Introduction to the Special Issue
A commentary on the Special Issue.
This article introduces the special issue, Disability Studies in Education.
Baglieri, Bejoian, Broderick, Connor, and Valle assert that imagining schools as places where children can find belonging and community conjures values and ideas with which few would argue, wherein democracy is posed as the political ideal of our culture. Within the context of this broad cultural and political discourse on schooling, the authors argue that the [re]claiming of inclusive education provides a heuristic concept and political agenda around which many strands of critical educational reform can cohere. At the center of this critique is the myth of the normal child—an idea of interest to scholars in the fields of disability studies in education, and disability studies more broadly, and an idea the authors seek to explore with critical scholars engaged in allied work seeking to contest, resist, and mitigate educational inequities. The authors contend that the commonality among a wide variety of ideologies of difference is rife with underexplored promise for allied work in inclusive education reform.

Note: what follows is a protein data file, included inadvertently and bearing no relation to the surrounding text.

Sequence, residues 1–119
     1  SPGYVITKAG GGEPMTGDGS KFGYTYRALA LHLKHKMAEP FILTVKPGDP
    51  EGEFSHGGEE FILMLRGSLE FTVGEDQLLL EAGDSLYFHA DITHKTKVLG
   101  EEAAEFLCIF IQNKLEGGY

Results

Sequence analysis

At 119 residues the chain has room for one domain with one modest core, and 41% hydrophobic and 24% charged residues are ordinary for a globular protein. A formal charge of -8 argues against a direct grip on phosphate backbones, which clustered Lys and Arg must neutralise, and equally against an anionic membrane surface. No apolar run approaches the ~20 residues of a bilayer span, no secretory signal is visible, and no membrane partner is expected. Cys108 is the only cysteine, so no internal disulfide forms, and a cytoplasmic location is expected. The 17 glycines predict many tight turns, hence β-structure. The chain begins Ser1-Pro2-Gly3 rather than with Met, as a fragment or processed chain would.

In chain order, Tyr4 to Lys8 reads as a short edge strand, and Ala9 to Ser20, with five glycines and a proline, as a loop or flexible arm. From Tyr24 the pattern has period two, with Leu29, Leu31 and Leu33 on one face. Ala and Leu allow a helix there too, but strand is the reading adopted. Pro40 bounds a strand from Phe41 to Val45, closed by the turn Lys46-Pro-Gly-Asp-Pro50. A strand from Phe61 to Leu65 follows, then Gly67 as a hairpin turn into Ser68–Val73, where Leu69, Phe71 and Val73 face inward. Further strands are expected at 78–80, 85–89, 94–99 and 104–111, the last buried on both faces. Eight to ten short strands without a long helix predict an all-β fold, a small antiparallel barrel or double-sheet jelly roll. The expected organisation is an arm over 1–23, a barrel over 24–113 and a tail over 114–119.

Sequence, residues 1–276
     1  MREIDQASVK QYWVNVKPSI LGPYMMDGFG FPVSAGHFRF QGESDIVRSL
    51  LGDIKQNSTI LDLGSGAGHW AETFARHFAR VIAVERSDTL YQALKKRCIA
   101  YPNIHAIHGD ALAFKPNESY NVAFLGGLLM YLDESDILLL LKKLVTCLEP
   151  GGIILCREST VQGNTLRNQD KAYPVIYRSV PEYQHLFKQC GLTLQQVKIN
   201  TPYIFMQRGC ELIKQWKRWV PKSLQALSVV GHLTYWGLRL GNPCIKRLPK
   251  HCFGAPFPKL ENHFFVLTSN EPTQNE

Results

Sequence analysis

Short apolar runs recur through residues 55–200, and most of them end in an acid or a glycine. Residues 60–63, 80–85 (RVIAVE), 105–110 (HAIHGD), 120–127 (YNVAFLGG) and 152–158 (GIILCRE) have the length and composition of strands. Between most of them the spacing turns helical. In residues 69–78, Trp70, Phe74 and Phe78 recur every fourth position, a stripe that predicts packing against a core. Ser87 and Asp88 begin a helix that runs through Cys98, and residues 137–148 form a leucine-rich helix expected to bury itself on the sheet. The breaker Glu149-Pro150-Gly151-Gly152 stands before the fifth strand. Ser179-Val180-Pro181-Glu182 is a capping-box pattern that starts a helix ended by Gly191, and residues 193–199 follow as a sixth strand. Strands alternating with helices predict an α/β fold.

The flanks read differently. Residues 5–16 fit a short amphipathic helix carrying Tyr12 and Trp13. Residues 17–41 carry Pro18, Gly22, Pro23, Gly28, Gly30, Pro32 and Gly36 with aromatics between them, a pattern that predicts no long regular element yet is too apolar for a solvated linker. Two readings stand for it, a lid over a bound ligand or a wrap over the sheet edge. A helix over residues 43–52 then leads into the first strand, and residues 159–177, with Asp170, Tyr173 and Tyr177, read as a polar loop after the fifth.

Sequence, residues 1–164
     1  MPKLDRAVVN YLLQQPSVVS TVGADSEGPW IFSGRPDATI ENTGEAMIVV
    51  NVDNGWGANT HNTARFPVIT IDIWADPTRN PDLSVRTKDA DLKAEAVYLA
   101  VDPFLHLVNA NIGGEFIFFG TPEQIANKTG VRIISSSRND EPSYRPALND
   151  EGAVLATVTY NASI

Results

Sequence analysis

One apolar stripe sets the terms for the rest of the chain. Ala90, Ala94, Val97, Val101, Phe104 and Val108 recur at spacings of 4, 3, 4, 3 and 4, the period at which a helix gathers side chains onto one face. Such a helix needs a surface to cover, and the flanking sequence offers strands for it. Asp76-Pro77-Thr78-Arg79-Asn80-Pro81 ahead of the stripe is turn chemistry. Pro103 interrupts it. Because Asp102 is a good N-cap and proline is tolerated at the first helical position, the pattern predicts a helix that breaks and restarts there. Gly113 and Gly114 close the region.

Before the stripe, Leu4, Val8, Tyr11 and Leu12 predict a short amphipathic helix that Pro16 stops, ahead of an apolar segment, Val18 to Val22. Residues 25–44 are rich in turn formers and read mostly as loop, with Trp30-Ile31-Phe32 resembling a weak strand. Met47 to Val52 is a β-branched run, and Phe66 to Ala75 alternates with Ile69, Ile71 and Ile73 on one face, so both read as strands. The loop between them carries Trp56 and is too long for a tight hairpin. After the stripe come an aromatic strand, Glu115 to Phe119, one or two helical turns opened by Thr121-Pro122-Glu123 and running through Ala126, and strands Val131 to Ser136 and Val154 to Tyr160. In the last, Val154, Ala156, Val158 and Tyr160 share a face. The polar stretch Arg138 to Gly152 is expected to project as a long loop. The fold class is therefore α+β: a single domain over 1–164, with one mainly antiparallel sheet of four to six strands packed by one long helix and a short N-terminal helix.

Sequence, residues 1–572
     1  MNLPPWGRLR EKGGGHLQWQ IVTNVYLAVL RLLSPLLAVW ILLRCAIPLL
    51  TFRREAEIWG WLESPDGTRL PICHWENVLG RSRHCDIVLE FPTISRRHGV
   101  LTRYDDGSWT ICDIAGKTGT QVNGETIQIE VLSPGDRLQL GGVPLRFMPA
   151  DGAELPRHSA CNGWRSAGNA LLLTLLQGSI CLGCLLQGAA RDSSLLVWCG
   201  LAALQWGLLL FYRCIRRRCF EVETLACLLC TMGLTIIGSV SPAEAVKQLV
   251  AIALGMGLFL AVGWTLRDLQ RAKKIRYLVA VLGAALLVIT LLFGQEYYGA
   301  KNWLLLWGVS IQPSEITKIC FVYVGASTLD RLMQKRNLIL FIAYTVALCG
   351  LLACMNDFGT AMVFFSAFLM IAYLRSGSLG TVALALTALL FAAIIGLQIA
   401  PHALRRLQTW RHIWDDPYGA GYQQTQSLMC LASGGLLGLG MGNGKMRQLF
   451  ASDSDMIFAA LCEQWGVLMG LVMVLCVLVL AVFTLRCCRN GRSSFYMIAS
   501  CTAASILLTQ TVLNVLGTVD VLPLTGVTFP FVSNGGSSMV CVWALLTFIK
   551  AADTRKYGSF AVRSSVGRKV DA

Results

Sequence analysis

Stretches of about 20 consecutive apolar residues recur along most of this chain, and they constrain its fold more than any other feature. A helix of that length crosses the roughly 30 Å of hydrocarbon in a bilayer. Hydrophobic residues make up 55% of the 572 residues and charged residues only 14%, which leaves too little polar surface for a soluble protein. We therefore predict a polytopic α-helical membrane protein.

Erevelles draws simultaneously on the theoretical tools of both disability studies and queer theory, exploring ways in which both heterosexist and ableist ideologies operate (often overlapping and intersecting) as discourses of exclusion in schools. She argues that the regressive rhetoric of inclusion currently in vogue does little to critique how “Other” students, not just students with recognizable disabilities, are excluded by the normative discourses of schooling. Furthermore, Erevelles argues that for inclusive education to reclaim its transformative imperative, it would have to reimagine its original intent of (re)claiming disability by producing a refreshing new script that explores the radical possibilities of “coming out crip.”